KZN’s answer to snaking queues

2012-01-14 17:17

Chaos and snaking queues in sweltering heat resulting from late applications have become synonymous with university opening every year.

It took an unfortunate stampede at the University of Johannesburg this week to spin the department of higher education into action, making them vow to end the chaos.

By next year, the department has promised to centralise applications to universities across the country
– something that the Central Application Office (CAO) has been doing for institutions of higher learning in KwaZulu-Natal for years.

The CAO came about when the existing eight tertiary institutions in the province collaborated on issues of common interest – including the application process.

CAO chief executive Dr Ann Knock said: “Applicants benefit greatly from the ‘one form, one fee and one office approach’, particularly those whose initial choices are out of their reach. We handle the clerical aspect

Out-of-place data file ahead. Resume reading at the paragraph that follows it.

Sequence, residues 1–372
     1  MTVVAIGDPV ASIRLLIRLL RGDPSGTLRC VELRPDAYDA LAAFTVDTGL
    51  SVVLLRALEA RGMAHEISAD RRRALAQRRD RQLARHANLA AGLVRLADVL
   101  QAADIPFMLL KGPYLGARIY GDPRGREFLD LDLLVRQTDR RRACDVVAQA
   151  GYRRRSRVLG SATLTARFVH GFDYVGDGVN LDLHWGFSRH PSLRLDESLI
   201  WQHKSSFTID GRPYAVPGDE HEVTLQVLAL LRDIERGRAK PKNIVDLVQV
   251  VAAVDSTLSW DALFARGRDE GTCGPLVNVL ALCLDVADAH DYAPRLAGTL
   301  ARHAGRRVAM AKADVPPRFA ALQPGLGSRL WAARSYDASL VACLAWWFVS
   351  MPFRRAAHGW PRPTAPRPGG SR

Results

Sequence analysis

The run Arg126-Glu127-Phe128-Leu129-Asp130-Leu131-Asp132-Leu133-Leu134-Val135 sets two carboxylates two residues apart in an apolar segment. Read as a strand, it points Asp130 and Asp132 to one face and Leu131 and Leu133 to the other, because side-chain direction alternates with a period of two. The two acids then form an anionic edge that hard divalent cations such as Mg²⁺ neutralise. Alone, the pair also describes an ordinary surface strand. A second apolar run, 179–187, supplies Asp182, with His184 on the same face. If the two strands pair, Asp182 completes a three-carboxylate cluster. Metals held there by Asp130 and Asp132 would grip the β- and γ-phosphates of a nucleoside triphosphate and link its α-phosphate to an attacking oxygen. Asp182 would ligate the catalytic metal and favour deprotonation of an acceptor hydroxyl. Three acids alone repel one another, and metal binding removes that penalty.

of processing applications, matching exam results and communicating with applicants. And that frees staff at institutions to concentrate only on the selection process.”

The Central Application Office produces a handbook and maintains a database-listing of all academic programmes available at participating institutions. The handbook is then sent to about 8?500 high schools nationally and distributed at career expos.

Entrants have up to six career choices at any combination of institutions. The CAO then processes the applications, following up on any missing information and matching details with matric results received from the national department of basic education.

Decisions on the success of applications is made by the institutions and then communicated back to students by the CAO.

According to Knock, one of their challenges initially was establishing credibility with institutions by proving that no bias would be involved in their dealings. She said a national service with regional offices could work since many students study outside their home provinces.

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